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The rest of the world has trouble providing universal health coverage, too



2030

Experts have identified 11 ideas to achieve affordable universal healthcare.

U.N. Secretary General Ban Ki-moon and Queen Mathilde of Belgium converse on mental health. PC: United Nations

As the U.S. Senate considers ways to revamp the health care system, so is the “High Level Political Forum” at the U.N. One of the Sustainable Development Goals up for review at this year’s forum is SDG №3: Good health and well-being for all.

Among the targets: “Achieve universal health coverage, including financial risk protection, access to quality essential health-care services and access to safe, effective, quality and affordable essential medicines and vaccines for all.”

At least 400 million people worldwide still lack access to basic health services.

Experts have identified 11 ideas to achieve affordable universal healthcare. It starts with accepting that “there’s no such thing as a ‘perfect healthcare model’,” according to Priya Balasubramaniam of the Public Health Foundation of India. “India is more focused on achieving Universal Health Care through mixed health markets featuring both public and private sector players,” she says.

Other countries like Thailand have built momentum through commitment to primary health coverage. In general, health spending needs to be more focused on sickness prevention rather than treatment.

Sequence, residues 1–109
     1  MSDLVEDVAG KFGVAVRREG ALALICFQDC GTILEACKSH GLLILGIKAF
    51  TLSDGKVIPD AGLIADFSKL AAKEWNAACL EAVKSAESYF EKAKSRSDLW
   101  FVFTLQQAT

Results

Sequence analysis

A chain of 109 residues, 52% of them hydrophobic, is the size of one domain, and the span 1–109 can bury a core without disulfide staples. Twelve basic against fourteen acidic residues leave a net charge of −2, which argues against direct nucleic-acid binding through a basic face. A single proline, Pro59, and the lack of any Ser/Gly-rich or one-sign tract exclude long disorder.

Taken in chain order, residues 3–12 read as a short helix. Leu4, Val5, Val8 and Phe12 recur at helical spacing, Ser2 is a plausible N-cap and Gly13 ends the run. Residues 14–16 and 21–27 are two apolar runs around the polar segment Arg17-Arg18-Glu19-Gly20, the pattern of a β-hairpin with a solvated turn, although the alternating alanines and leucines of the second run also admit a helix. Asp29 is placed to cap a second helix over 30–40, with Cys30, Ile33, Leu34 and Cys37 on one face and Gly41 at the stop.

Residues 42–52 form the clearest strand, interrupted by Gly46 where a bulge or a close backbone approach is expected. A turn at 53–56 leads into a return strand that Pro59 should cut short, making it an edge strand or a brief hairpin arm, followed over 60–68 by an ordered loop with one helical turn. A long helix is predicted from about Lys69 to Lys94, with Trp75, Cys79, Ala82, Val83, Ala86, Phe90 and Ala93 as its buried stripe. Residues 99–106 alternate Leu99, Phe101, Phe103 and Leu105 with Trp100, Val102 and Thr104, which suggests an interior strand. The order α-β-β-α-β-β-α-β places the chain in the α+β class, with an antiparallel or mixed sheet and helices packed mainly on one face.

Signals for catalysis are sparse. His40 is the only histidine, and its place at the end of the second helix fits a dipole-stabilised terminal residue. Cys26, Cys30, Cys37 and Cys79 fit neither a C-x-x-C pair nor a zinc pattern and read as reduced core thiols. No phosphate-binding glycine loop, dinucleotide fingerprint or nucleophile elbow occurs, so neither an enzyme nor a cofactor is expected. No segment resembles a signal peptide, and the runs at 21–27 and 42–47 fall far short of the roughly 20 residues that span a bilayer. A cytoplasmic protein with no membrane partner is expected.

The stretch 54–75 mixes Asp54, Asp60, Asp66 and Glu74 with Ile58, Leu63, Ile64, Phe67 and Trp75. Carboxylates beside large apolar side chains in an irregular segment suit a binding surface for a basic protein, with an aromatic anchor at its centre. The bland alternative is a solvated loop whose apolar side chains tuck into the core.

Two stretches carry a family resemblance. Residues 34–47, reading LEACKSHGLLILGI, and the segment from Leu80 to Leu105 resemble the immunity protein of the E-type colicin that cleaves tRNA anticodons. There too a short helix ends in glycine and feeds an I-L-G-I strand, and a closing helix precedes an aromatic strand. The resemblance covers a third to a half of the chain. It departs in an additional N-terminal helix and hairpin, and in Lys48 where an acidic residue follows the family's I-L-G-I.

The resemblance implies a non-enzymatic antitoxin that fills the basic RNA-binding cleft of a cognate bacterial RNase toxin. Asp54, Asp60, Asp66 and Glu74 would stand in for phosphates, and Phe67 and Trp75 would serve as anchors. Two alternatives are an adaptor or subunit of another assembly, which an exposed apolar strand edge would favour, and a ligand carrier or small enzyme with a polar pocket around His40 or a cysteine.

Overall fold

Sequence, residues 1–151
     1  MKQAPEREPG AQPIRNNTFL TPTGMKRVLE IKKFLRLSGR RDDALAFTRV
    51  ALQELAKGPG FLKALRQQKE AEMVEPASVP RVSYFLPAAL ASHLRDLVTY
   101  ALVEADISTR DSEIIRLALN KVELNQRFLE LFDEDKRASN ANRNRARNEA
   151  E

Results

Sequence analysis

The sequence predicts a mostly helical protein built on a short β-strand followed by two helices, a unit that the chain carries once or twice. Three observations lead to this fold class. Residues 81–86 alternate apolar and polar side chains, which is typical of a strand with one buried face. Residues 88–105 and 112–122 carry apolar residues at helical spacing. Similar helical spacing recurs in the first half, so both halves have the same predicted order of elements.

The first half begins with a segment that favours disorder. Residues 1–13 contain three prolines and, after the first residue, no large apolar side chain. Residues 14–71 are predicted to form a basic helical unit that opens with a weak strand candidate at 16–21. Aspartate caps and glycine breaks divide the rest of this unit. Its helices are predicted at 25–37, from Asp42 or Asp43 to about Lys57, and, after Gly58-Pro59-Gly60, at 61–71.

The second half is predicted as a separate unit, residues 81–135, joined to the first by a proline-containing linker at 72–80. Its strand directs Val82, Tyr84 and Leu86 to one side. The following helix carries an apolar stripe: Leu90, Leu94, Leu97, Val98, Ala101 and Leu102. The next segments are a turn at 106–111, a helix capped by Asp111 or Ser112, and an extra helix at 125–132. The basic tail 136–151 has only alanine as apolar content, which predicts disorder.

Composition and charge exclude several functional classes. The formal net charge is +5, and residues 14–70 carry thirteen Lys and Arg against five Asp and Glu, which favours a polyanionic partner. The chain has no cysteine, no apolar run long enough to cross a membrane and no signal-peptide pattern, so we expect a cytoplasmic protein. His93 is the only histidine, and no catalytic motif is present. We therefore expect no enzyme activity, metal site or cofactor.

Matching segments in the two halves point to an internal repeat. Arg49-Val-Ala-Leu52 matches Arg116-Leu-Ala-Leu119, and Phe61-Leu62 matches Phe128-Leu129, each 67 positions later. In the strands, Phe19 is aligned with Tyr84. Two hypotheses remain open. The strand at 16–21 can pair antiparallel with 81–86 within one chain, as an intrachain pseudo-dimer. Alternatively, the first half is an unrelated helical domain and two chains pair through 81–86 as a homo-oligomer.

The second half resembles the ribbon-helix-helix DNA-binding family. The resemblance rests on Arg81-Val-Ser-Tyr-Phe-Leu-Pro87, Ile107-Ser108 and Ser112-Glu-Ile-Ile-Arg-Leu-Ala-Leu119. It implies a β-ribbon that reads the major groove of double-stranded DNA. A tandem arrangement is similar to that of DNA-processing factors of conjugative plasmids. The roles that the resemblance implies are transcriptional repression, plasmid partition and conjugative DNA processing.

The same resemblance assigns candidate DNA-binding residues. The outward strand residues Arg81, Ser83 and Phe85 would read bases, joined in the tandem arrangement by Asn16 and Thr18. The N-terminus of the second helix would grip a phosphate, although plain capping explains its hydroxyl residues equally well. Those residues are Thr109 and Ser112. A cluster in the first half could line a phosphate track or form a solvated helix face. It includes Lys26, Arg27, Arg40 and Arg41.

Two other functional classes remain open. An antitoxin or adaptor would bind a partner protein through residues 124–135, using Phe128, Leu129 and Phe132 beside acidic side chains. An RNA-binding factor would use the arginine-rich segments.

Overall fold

Another tip: Let rich people and poor people get care from the same providers. “This ensures that high quality will be a political priority as those with voting influence are directly affected by the quality of services provided,” writes Jolene Skordis of University College London’s Centre for Global Health Economics. Countries shouldn’t fixate on the percentage of gross domestic product goes to healthcare. “The question should be about what can you do best with what you can afford to spend,” suggests Balasubramaniam and Siddharth Chatterjee, a U.N. coordinator in Kenya.

Finally, learn from places that are getting it right. Take Ghana’s imperfect but experimental healthcare system. The country started small with community-based health insurance and then developed a national model.

“Ghana’s health system isn’t the best I’ve seen,” says Cicely Thomas of Results for Development in Washington, D.C. “But they’ve got some very fundamental things right and have been continually improving over many years.”

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